# Multline, split

I want to split this long equation into three or four (to fit on A4 paper) maintaining an alignment with equal sign. I have tried \split and \multline codes, but still it won't work. Maybe because of \left[ and \right] that enclosed the whole equation?

$$R_i=\Delta_x\Delta_y\left[ \Delta_{1}\Delta_{2}\frac{\partial{\Delta_{21}}}{\partial{w_i}} + \Delta_{1}\Delta_{2}\frac{\partial{\Delta_{22}}}{\partial{w_i}} + \Delta_{2}\Delta_{1}\frac{\partial{\Delta_{11}}}{\partial{w_i}} + \Delta_{2}\Delta_{1}\frac{\partial{\Delta_{12}}}{\partial{w_i}} - \Delta_{10}\Delta_{20}\Delta_{21}\frac{\partial{\Delta_{11}}}{\partial{w_i}} - \Delta_{20}\Delta_{20}\Delta_{11}\frac{\partial{\Delta_{21}}}{\partial{w_i}} - \Delta_{10}\Delta_{20}\Delta_{12}\frac{\partial{\Delta_{22}}}{\partial{w_i}} - \Delta_{10}\Delta_{20}\Delta_{22}\frac{\partial{\Delta_{12}}}{\partial{w_i}} \right]$$


After remembering that $$ should never be used in LaTeX, see Why is $...$ preferable to$$ ... $$?, here are two variants with split that allows for a more balanced output: \documentclass{article} \usepackage{amsmath} \begin{document} \begin{equation} \begin{split} R_i=\Delta_x\Delta_y \biggl[ & \Delta_{1}\Delta_{2}\frac{\partial{\Delta_{21}}}{\partial{w_i}} + \Delta_{1}\Delta_{2}\frac{\partial{\Delta_{22}}}{\partial{w_i}} \\ &+ \Delta_{2}\Delta_{1}\frac{\partial{\Delta_{11}}}{\partial{w_i}} + \Delta_{2}\Delta_{1}\frac{\partial{\Delta_{12}}}{\partial{w_i}} \\ &- \Delta_{10}\Delta_{20}\Delta_{21}\frac{\partial{\Delta_{11}}}{\partial{w_i}} - \Delta_{20}\Delta_{20}\Delta_{11}\frac{\partial{\Delta_{21}}}{\partial{w_i}} \\ &- \Delta_{10}\Delta_{20}\Delta_{12}\frac{\partial{\Delta_{22}}}{\partial{w_i}} - \Delta_{10}\Delta_{20}\Delta_{22}\frac{\partial{\Delta_{12}}}{\partial{w_i}} \biggr] \end{split} \end{equation} \begin{equation} \begin{split} R_i=\Delta_x\Delta_y \biggl[ & \Delta_{1}\Delta_{2}\frac{\partial{\Delta_{21}}}{\partial{w_i}} + \Delta_{1}\Delta_{2}\frac{\partial{\Delta_{22}}}{\partial{w_i}} \\ {}+{}& \Delta_{2}\Delta_{1}\frac{\partial{\Delta_{11}}}{\partial{w_i}} + \Delta_{2}\Delta_{1}\frac{\partial{\Delta_{12}}}{\partial{w_i}} \\ {}-{}& \Delta_{10}\Delta_{20}\Delta_{21}\frac{\partial{\Delta_{11}}}{\partial{w_i}} - \Delta_{20}\Delta_{20}\Delta_{11}\frac{\partial{\Delta_{21}}}{\partial{w_i}} \\ {}-{}& \Delta_{10}\Delta_{20}\Delta_{12}\frac{\partial{\Delta_{22}}}{\partial{w_i}} - \Delta_{10}\Delta_{20}\Delta_{22}\frac{\partial{\Delta_{12}}}{\partial{w_i}} \biggr] \end{split} \end{equation} \end{document} • codes of equations (1) and 82) are the same :(. Probably the second should start with R_i=\Delta_x\Delta_y & \biggl[ Nov 19, 2016 at 22:04 • @Zarko No, they aren't the same, look closely Nov 19, 2016 at 22:26 • Now I notice that the difference are after the first row, Clever solution! Sorry for the noise. Nov 19, 2016 at 22:54 An exemplary solution. You will choose your places of split. \documentclass{article} \usepackage{amsmath} \begin{document} %$$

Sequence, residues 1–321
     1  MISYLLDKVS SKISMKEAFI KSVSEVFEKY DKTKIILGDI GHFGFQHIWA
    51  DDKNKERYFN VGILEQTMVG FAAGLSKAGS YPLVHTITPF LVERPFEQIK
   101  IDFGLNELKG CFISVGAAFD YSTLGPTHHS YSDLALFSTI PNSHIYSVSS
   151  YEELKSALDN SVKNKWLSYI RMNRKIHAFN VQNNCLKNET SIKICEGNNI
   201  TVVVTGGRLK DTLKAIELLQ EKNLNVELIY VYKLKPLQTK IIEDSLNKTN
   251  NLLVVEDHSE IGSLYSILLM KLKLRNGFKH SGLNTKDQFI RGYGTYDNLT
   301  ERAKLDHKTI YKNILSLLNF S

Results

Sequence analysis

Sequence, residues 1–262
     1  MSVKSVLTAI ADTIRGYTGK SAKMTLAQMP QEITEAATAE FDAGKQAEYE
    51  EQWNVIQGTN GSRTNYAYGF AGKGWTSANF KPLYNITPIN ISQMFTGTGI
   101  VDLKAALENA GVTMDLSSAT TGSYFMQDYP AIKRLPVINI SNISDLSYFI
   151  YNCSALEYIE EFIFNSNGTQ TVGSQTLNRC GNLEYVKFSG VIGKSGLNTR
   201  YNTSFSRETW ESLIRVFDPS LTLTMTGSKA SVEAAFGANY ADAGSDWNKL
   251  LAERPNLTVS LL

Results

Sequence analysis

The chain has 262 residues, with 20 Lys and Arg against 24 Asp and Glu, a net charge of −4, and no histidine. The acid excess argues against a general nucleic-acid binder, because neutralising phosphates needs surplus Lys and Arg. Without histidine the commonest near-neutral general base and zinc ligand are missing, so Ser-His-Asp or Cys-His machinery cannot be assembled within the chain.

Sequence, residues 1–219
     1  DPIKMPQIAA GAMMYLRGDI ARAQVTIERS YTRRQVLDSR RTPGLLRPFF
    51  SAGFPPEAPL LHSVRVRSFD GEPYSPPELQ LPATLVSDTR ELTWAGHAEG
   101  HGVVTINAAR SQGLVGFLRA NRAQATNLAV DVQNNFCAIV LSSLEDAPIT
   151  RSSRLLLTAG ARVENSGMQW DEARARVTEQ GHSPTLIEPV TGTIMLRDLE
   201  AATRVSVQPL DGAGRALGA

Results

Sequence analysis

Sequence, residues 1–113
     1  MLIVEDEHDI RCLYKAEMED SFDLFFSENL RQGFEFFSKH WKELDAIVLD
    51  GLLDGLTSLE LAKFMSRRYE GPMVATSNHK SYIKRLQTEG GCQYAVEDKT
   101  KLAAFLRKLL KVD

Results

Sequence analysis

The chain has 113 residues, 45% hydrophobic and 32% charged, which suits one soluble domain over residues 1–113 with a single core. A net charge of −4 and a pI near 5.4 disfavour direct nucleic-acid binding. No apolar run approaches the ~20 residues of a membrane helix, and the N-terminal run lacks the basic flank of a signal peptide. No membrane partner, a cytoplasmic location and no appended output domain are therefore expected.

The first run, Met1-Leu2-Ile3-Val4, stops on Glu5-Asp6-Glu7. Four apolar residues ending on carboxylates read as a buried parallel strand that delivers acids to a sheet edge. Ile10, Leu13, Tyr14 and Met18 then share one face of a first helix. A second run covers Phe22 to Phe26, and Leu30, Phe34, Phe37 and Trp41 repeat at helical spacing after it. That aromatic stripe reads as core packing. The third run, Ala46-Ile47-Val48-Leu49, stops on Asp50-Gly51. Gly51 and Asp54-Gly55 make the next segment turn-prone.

\begin{align*}
R_i&=
\Delta_x\Delta_y
%\left[